Rooting for Sweet Potatoes

Sweet Potatoes

Jill Henderson – Show Me Oz

Sweet potatoes are an ancient food crop; a staple that has sustained and nourished mankind for thousands of years.   Highly nutritious, sweet potatoes are the seventh most important food crop in the world.  Throughout the ages these sweet, orange, red and sometimes golden roots were valued so highly by early man, that they were often used as a form currency and as a token of friendship between cultures.  Today, this weirdly-shaped “potato” is making a comeback with home gardeners – and for good reason.  Read on!

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Winter Sown Seedlings

2012 8-29 Seedlings (4)_thumb[7]By Jill Henderson – Show Me Oz

Many gardeners know the benefits of planting crops, such as garlic, in the early fall and winter months, but did you know that many common herb, flower and vegetable seeds can be treated this way, too? Winter sowing is the age-old practice of planting seeds directly in the garden sometime between late fall and mid-winter. Because they are living organisms, seeds have the ability to sense the environment around them, which allows them to determine when weather conditions are just right for germination. As a result, winter sown seeds often germinate earlier, have higher rates of germination and have less problems with seedling diseases such as damping off. They also tend to grow faster and stronger than their indoor-sown counterparts, which allows gardeners to get a jump on the growing season.  Read more!

Seed Saving for a Healthy Future with Juice Guru Steve Prussack

Jill HendersonI had a super fun time being interviewed recently by Juice Guru, Steve Prussack.  We talked about common seed saving mistakes, the differences between GMO, hybrid and heirloom seeds, why saving seed is an important aspect of healthy living and a critical component of any disaster preparedness plan; what botanical maturity has to do with saving seed; sprouting seeds for food and more!  Saving seed is so easy, anyone can learn how in less than 50 pages using my book, The Garden Seed Saving Guide!
Listen to the entire podcast free! 
https://juiceguru.com/radio/ep-64-seed-saving-healthy-future-jill-henderson/

Making Herbal Tinctures: Part II

Mortar and Pestel - Copyright 2012 Jill HendersonBy Jill HendersonShow Me Oz

Last week, in Making Herbal Tinctures: Part I, we discussed the different types of solvents (menstruum) used to make high-quality herbal tinctures, including alcohol such as vodka, Everclear, brandy, and wine, as well as non-alcohol solvents like vinegar and vegetable glycerin.   But choosing the right solvent is only a small part of the equation.  Indeed, measuring your ingredients properly is the critical key to creating reliable and consistent tinctures.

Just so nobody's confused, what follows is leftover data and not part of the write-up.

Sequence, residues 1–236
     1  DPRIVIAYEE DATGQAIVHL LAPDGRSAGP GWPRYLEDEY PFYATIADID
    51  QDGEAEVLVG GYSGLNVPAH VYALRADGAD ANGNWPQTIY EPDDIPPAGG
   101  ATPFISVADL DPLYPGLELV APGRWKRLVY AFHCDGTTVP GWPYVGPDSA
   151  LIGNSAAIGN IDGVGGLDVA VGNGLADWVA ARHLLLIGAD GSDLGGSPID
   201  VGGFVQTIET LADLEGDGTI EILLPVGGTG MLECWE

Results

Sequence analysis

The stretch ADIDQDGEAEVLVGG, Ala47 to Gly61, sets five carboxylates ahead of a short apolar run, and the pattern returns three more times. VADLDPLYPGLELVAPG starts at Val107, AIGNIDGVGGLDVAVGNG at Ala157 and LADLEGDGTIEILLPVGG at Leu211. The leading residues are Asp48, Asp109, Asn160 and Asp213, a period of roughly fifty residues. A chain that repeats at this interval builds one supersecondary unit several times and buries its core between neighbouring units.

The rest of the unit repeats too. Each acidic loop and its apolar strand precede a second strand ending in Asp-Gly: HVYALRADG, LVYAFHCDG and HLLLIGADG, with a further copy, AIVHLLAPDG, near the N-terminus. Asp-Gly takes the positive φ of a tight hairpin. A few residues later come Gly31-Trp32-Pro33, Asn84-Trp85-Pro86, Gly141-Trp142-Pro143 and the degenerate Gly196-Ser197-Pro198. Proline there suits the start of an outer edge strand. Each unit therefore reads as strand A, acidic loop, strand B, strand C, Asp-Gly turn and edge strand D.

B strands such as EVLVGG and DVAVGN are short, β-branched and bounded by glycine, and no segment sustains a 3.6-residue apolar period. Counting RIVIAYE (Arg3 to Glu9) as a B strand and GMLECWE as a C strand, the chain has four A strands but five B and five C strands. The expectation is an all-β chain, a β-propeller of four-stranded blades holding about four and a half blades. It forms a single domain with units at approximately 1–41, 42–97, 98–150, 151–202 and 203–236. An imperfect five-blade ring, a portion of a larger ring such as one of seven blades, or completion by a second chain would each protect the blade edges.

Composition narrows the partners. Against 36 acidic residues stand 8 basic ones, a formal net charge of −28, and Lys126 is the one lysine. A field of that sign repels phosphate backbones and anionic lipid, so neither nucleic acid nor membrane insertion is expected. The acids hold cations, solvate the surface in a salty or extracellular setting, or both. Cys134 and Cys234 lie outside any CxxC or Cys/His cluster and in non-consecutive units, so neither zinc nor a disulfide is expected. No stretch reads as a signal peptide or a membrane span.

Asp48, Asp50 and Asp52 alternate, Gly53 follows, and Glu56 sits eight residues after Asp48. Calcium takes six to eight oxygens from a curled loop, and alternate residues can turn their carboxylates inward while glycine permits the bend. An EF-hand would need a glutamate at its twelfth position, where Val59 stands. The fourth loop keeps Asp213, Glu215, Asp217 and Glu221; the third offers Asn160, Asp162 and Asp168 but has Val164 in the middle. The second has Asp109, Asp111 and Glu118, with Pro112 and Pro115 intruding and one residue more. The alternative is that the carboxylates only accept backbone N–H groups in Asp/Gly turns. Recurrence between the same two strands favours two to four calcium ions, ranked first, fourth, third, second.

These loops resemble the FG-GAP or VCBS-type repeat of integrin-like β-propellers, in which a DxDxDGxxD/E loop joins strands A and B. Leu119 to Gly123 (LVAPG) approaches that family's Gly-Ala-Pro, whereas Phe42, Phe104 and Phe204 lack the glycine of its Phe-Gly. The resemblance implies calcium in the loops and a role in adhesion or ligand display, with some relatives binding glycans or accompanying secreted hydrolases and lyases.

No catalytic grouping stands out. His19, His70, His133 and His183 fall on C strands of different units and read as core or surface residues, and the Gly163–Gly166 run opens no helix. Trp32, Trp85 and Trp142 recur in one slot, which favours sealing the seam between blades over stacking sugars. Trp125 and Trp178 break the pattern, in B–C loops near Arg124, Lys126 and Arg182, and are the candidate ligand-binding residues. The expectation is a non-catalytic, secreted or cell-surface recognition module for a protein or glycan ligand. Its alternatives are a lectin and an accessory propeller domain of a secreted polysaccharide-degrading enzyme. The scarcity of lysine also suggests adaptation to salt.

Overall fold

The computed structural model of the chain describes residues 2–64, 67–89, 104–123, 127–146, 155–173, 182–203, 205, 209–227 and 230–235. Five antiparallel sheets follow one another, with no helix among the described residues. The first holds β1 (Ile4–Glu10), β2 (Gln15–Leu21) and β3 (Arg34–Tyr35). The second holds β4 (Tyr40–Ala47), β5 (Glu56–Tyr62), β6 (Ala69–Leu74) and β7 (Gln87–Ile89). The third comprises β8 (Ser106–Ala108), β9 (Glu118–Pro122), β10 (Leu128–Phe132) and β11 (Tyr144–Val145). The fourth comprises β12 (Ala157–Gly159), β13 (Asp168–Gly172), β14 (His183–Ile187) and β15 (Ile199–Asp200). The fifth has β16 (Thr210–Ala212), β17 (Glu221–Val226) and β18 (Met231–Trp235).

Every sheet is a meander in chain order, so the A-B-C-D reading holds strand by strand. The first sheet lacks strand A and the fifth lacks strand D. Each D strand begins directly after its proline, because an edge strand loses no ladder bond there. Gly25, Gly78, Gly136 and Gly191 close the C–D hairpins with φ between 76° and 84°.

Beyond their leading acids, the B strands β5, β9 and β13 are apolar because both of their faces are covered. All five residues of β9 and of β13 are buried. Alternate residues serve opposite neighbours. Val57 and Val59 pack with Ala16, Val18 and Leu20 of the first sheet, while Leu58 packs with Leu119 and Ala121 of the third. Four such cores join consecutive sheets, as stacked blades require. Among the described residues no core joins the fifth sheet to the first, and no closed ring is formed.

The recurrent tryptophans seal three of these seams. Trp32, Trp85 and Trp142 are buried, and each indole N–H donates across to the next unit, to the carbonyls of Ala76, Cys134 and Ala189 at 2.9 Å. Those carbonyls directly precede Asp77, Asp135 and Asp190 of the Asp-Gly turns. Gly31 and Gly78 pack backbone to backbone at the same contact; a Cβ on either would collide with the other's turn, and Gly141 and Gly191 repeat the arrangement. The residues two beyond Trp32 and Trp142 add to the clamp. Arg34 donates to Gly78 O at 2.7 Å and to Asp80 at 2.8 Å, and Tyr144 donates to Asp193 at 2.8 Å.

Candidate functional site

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Making Herbal Tinctures: Part I

By Jill HendersonShow Me Oz 

In the world of herbalism, tinctures are the star of the show.  For those who grow, gather or use herbs for healing purposes, learning to make tinctures is one of the most important – and easiest – skills to learn.  Unfortunately, many people believe that all they have to do to make a good tincture is to pour alcohol over herbs packed in a jar.  But the truth is, tinctures made this way are almost always inconsistent in their potency and effectiveness.   In this two-part series, we will examine the right way to make tinctures so that you can be assured of obtaining the best, most healing tinctures possible.

Brewing Up Opportunities

Wages

Jill Henderson ~ Show Me Oz
as seen in Acres USA July 2017 issue

It’s early Monday morning and head brewer Amy Fischer is standing on a step ladder in the back room of Wages Brewing Company carefully stirring a steaming vat of barley and wheat mash that will soon be fermented into a tasty batch of Whatknot Ale. After years of practicing and perfecting the craft of small-batch brewing at home, owner and brewer Phil Wages and his wife, Amber, officially opened their brewery and taproom in the small rural community of West Plains, Missouri, in early 2017. With an official population of just below 12,000 people, the last business most residents expected to pop up in town was a brewery, but for Phil Wages, it was the perfect opportunity. PDF

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Pink Ladybugs in the Garden

Pink Ladybug - Coleomegilla maculataJill Henderson ~ Show Me Oz ~

Gardeners are always facing new and interesting challenges when it comes to pest management.  The first line of defense includes correctly identifying the culprit so that the right measures can be taken to control it.  I was recently talking to a fellow gardener about organic control of blister beetles on tomatoes when I happened to mention being cautious about using any kind of pesticide for fear of killing the pink ladybugs that have spent the last several weeks feasting on the pollen of nearby pepper plants.  Her immediate response was that those pink ones were just another type of spotted cucumber beetle.  I understand her confusion.  I used to think that, too.

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